2. re: dcArtisan

                        funny, i'm the exact opposite. my favourite sushi places are found in plazas and any place that looks like ki has me running for the hills. japanese culture has always lead me to understand they're strong believers in understatement. i guess the underground subway location would turn you away from one of the most highly respected sushi guys in tokyo, jiro.

                        1. re: pinstripeprincess

                          really? you mean you don't like cream cheese in your rolls? bacon? kimchi? :)

                          1. re: downtownfoodie

                            i don't have a refined enough palate to appreciate the salty, mildly sweet combination of north american dairy products with vinegared rice and sinewy smoked salmon.

                          2. re: pinstripeprincess

                            No. Jiro himself would turn me away from Jiro. He is an arrogant man and whilst his technique and fish quality are top drawer his attitude and cheaply furnished space are not worth the exorbitant price in my opinion (he is successful enough to have upgraded - if he cares about his customers!!). I have had better sushi experiences in Tokyo at or considerably below that price point - some in Ginza and others in less reputable locations.

                            As for Zen, maybe in Toronto good sushi is to be found in a suburban plaza. The G&M description mentioned "fluke sashimi with dark purple umeboshi plum and bonito paste" which to my palate would overpower the delicacy of the fluke. Umeboshi is more classically paired with hamo that has been lightly torched. Here the sour-saltiness of the plum enhances the hamo flavors. Fluke sashimi is so delicate a fresh lemon-salt with a light touch of shiso would be more appropriate in my mind (mouth :)

                            1. re: dcArtisan

                              i've had lovely sushi in spartan spaces in japan as well at much lower prices as well. it's not the furnishings i'm there for, it's the skill, quality and the training that i'm hoping they're passing on that i'm there to support.

                              if you're going to scoff at sushi in plazas, then you haven't bothered to seek out the best that's available in toronto. not that you have to if you're from somewhere else with better sources. we're a city full of bad sushi but the better stuff is still heads and tails beyond. LA also isn't very different re: plazas.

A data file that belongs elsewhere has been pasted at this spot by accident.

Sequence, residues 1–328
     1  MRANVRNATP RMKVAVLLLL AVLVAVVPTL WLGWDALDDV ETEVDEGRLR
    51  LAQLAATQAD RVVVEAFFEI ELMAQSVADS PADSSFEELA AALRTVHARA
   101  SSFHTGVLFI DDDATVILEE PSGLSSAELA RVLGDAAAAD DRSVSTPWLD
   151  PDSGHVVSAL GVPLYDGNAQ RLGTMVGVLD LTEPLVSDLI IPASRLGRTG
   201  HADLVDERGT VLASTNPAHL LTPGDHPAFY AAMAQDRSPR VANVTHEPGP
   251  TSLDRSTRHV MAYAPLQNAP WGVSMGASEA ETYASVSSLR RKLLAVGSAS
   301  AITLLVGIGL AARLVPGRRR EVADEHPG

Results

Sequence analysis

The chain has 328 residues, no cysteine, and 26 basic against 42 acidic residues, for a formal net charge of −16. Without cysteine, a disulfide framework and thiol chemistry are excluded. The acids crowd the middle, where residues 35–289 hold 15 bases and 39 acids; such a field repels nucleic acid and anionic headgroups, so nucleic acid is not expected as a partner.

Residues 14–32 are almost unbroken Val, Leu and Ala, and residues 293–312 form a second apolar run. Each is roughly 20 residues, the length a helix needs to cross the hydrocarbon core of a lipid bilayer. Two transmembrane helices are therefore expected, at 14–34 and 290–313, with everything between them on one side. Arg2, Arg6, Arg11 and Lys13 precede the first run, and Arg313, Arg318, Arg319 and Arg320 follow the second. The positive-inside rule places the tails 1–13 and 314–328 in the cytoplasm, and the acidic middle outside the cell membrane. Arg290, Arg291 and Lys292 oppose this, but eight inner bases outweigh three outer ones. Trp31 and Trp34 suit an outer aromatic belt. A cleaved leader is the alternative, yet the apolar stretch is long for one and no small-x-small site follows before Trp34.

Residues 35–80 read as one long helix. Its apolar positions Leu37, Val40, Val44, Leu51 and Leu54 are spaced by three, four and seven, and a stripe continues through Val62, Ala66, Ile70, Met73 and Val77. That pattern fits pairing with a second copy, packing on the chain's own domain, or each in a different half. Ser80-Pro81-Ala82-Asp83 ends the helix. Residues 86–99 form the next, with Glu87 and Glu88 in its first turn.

i'm personally a fan of fluke with unmeboshi paste. we don't get hamo here. when the umeboshi is used with restraint, the saltiness offers a really amazing side to fluke. shiso is great and usually i prefer that but if they can get that ume balance right, they've got my heart.

                                1. re: dcArtisan

                                  my experiences at hiro have been mediocre. i haven't been in years. i think you'll also find that it doesn't rank highly among the sushi lovers here. especially if you're looking for some sense of value.

                                  1. re: pinstripeprincess

                                    I never look for value sushi because to me it is a counter intuitive approach. Pristine fish costs extra unless you live in a fishing village :)

                                    I found a 2-tier experience to exist at Hiro which is what I am accustomed to in Japan. Regular customers without price caps will always have a better experience. Of course I sit at the counter so as to allow the chef to tightly synchronize his production with my consumption. (1 at a time !!) This unbridled approach has rewarded the best quality and theatre. As for Hiro, like yourself I have not been in a rather long while so maybe his passion has cooled.

                                    How would you classify the the Zen Restaurant experience? Value or quality?

                                    1. re: dcArtisan

                                      you're misunderstanding what i mean by value. i'm talking about value the way you talk about jiro and the other great (or better) places you can get sushi.